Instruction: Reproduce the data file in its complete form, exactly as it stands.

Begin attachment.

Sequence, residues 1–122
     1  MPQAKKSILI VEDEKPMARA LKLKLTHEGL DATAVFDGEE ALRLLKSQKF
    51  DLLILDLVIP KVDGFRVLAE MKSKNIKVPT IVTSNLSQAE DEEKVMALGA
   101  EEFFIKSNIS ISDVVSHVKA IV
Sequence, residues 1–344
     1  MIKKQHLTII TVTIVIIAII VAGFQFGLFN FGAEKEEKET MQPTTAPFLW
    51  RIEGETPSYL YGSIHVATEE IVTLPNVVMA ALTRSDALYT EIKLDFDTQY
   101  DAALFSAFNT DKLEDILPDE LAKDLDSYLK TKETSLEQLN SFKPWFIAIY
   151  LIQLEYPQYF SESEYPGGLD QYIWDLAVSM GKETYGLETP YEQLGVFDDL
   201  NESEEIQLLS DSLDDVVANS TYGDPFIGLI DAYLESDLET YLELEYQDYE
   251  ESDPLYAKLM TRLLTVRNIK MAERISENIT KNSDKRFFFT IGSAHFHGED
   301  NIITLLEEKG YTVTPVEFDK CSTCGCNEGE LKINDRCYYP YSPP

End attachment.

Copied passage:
Sequence, residues 1–122
     1  MPQAKKSILI VEDEKPMARA LKLKLTHEGL DATAVFDGEE ALRLLKSQKF
    51  DLLILDLVIP KVDGFRVLAE MKSKNIKVPT IVTSNLSQAE DEEKVMALGA
   101  EEFFIKSNIS ISDVVSHVKA IV
Sequence, residues 1–344
     1  MIKKQHLTII TVTIVIIAII VAGFQFGLFN FGAEKEEKET MQPTTAPFLW
    51  RIEGETPSYL YGSIHVATEE IVTLPNVVMA ALTRSDALYT EIKLDFDTQY
   101  DAALFSAFNT DKLEDILPDE LAKDLDSYLK TKETSLEQLN SFKPWFIAIY
   151  LIQLEYPQYF SESEYPGGLD QYIWDLAVSM GKETYGLETP YEQLGVFDDL
   201  NESEEIQLLS DSLDDVVANS TYGDPFIGLI DAYLESDLET YLELEYQDYE
   251  ESDPLYAKLM TRLLTVRNIK MAERISENIT KNSDKRFFFT IGSAHFHGED
   301  NIITLLEEKG YTVTPVEFDK CSTCGCNEGE LKINDRCYYP YSPP